The cortico-striatal-thalamic loop, is the source of the ordered input necessary for a higher level upper cortical loop. Feedback is controlled by the inhibitory potential of the cortices. Through 5-HT2A efferents from layer V, transmission, processed, from layer III through the interneuron layer reaches the basal ganglia and brain stem. The core thalamic input to layer I is combined with the ordered matrix input to VI. A process happens with layer III/I and II/III efferents: these circuits are where our self/other perception, and the mechanisms for logic lie.(anteriorly) Also, it is how, through the entorhinal cortex, which almost completely lacks layer IV, can control orbitofrontal and thalamic output from the hippocampus, as well as (indirectly) provide a pathway for hippocampal communication to the other cortices. This is opposed by the frontal lobes, which have much larger granular areas, thus inhibitory potential,from input to the striatum.
Another modulatory factor is the corpus callosum, providing a direct inhibitory connection, interhemispherical, to the cortical layer VI, thus indirectly to layer V. As such, the halves of the brain exert some control over basal input of the other side, but can only inhibit due to the GABAergic nature of the corpus callosum. The root of this control is an extraordinarily complex dihemispherical beat frequency in layer IV between layer V and layers II/III. One might say qualia happens here. How the other side can (indirectly) inhibit the 5-HT2A signal cascade, is crucial for the development of language. It requires highly structured left side structures allowing for the imagination of the formants, and the mouth movements that correspond to them. It also needs a more distributed, contextual, reality based side, to integrate the naturally nonsensical medium of language back to intuitive sensory/spatial analogies.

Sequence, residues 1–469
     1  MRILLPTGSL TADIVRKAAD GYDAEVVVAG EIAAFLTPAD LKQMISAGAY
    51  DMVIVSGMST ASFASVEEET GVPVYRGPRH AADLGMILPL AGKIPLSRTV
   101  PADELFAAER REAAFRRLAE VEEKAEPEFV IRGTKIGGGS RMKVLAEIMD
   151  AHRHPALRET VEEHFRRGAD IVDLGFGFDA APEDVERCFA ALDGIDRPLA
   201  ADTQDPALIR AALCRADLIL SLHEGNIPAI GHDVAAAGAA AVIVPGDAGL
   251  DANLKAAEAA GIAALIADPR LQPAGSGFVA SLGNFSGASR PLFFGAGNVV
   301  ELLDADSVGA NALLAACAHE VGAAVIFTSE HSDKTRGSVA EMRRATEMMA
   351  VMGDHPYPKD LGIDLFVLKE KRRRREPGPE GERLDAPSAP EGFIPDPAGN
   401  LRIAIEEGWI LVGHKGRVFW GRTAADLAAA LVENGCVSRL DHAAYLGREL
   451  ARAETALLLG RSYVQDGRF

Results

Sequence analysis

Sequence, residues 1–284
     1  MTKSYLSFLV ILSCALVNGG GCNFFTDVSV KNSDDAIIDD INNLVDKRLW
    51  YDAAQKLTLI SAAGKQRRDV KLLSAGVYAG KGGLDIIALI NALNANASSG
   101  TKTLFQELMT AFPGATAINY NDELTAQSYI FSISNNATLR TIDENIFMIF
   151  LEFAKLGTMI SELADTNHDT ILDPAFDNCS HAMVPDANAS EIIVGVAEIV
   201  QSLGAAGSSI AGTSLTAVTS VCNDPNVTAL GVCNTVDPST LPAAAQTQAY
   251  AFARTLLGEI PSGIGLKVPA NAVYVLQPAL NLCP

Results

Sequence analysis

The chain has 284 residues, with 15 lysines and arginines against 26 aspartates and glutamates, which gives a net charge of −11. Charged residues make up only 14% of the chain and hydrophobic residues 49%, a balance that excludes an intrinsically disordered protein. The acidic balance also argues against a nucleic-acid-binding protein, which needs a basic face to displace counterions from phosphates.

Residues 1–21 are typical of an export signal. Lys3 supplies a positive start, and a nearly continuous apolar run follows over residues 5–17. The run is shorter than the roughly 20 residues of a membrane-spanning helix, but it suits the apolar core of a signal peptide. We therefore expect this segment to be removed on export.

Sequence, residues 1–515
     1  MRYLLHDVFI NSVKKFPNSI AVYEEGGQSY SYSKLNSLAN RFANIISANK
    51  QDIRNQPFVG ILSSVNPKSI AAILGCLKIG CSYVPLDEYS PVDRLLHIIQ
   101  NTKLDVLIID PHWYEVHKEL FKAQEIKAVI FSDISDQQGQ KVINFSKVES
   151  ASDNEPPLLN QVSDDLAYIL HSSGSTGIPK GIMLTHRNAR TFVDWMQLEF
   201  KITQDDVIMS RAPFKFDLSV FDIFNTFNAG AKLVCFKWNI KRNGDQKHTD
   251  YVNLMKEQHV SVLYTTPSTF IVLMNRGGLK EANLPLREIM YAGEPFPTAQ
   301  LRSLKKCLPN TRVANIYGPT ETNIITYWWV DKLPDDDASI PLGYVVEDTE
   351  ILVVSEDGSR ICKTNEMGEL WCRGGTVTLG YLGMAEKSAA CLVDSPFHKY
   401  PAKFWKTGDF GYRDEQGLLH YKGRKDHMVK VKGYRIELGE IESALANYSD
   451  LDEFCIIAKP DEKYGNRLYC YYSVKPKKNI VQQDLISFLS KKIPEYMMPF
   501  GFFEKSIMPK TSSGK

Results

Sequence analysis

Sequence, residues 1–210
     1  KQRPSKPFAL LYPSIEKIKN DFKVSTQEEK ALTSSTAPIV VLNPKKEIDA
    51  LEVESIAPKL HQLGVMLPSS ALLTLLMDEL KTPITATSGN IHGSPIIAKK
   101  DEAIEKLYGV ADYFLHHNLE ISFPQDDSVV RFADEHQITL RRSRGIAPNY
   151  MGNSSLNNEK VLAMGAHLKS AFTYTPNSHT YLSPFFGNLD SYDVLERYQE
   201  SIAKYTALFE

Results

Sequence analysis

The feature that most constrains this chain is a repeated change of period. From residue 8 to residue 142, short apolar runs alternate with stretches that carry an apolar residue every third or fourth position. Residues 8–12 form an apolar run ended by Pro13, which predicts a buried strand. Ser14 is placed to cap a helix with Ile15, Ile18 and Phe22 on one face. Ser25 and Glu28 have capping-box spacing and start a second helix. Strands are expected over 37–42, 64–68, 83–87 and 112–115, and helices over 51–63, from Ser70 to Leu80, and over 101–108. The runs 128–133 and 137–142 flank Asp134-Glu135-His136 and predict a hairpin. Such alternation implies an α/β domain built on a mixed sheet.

Dopamine hypothesis of schizophrenia elaborates upon the nature of abnormal lateral structures found in someone with a high risk for psychosis.
Altered signalling cascades
Again, thalamic input from layer V is a crucial factor in the functionality of the human brain. It allows the two sides to receive similar inputs, thus be able to perceive the same world. In psychosis, thalamic input loses much of its integrated character: hyperactive core feedback loops overwhelm the ordered output. This is due to excessive D2 and 5-HT2A activity. This alteration in input to the top and bottom of the cortex. The altered 5-HT signal cascade enhances the strength of excitatory thalamic input from layer V. This abnormality, enhancing the thalamic-cortical transmission cascade versus the corticostriratal control, creates a feedback loop, resulting in abnormally strong basal ganglic output.
The root of psychosis(experiences that cannot be explained, even within their own mind) is when basal ganglic input to layer V overwhelms the inhibitory potential of the higher cortexies resulting from striatal transmission. When combined with the excess prefrontal, specifically orbitofrontal transmission, from the hippocampus, this creates a brain prone to falling into self reinforcing belief.
However, given a specific environment, a person with this kind of brain(a human) can create a self-reinforcing pattern of maladaptive behavior, from the altered the layer II/III and III/I axises, from the disinhibited thalamic output. Rationality is impaired, primarily as response to the deficit of oxytocin and excess of vasopressin from the abnormal 5HT2C activity. An altered HPA axis, perhaps from xenohormones, drug use, or a genetic predisposition to altered adregenic and norepineprine signalling. An altered HPA axis, in the direction of more activation and stress, is the primary pathological trait in all social disorders.